Conference Proceedings | J Oral Health Dent. 2018;1(S2):A003 | Open Access

Moral Distress: Dual Identities of Health Care Professionals Working with People with Dysphagia

Leslie P1, Hall D2, Wright RM3 and Terry MA4

1Communication Science & Disorders, University of Pittsburgh School of Health & Rehabilitation Sciences, Pittsburgh, USA
2VA Pittsburgh Healthcare System, Pittsburgh, USA & Department of Surgery, University of Pittsburgh, Pittsburgh, USA
3Division of Geriatric Medicine, University of Pittsburgh School of Medicine, Pittsburgh, USA
4Department of Behavioral & Community Health Sciences, University of Pittsburgh Graduate School of Public Health, Pittsburgh, USA



Purpose: Dysphagia treatment decisions are distressing because cultural associations with food and drink carry emotional and social weight not seen with other clinical interventions. We sought to describe how professional culture and human experience influence how health care providers think about eating and drinking.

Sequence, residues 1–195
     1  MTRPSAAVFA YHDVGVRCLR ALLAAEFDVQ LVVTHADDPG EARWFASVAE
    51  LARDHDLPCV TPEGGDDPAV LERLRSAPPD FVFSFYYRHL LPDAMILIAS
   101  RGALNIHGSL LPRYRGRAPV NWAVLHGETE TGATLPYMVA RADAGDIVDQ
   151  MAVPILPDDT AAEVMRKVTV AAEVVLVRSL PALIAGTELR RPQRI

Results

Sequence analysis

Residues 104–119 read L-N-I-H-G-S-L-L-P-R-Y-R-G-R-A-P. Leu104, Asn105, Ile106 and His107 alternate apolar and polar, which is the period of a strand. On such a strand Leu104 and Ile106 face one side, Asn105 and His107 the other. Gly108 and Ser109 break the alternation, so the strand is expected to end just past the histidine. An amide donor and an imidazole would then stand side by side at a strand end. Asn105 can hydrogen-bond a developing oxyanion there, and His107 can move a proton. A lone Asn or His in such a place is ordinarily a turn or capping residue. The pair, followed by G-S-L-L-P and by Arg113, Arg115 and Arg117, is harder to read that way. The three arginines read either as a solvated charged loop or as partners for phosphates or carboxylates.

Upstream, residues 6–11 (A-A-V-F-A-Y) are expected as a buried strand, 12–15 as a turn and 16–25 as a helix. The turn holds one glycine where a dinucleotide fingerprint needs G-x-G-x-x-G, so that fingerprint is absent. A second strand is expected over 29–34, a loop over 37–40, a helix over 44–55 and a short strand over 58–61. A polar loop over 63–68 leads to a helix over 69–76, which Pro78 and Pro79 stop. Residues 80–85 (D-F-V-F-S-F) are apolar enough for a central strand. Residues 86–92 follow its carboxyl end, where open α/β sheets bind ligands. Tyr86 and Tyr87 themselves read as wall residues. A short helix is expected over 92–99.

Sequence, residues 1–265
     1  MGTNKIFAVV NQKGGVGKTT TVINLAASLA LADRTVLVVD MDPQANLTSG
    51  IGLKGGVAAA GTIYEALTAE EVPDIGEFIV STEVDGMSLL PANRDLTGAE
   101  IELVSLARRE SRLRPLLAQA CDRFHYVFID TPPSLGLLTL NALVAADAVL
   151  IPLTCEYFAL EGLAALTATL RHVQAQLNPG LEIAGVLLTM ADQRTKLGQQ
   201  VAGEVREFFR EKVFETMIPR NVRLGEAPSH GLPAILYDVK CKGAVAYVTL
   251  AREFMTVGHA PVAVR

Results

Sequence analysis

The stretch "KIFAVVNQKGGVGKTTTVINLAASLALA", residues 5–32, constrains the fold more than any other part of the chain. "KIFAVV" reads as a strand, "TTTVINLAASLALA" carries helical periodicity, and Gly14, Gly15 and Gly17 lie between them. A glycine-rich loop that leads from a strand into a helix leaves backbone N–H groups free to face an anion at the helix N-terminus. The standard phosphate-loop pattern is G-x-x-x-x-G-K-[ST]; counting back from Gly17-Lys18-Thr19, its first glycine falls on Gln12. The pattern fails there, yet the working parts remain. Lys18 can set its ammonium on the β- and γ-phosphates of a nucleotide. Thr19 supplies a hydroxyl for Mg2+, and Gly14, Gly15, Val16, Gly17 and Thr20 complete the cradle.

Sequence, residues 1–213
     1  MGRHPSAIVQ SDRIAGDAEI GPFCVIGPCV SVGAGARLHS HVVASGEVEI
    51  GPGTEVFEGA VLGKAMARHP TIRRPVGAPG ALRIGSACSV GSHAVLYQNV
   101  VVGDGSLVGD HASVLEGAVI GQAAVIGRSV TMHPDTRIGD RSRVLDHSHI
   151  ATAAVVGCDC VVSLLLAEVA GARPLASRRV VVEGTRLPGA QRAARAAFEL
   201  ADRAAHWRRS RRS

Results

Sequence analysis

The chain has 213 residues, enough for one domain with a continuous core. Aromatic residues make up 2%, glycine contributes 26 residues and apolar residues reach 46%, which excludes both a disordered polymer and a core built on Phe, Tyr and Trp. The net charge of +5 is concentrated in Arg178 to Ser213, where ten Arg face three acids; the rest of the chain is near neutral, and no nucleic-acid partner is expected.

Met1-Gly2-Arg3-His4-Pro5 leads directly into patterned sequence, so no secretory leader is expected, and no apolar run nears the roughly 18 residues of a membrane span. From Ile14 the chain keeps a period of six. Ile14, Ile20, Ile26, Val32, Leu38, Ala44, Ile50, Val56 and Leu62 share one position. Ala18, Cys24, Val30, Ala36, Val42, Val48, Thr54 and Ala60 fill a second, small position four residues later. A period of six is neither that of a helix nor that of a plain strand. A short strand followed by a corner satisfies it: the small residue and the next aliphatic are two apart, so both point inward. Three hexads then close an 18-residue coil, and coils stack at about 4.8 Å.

Methods: This focus group study involved speech and language therapists (SLTs) (n=15) working in rehabilitation settings and non-SLT front line providers (n=15) from an urban health care network. They were asked to consider eating/drinking/feeding as 1) a human experience, and 2) a biomechanical task when caring for patients with dysphagia. They were asked why health care providers do not follow evidence or practice guidelines. Dialogue was audio recorded, transcribed and studied using Thematic Analysis.
Results: Four focus groups took place. Themes included: 1) association of eating/drinking with health/survival and feelings, 2) emotional links to people across time/place, 3) transference of love and care for feeders. Participants voiced concern that a) people with dysphagia lose control over a highly meaningful life process, and b) professionals do not recognize their role in this problem. All groups expressed inner turmoil with feeding interventions/decisions.
Conclusions: Dysphagia intervention uniquely challenges clinicians, patients, and caregivers involved in decision-making and may cause distress due to the emotional component inherent in the life sustaining process of eating and drinking.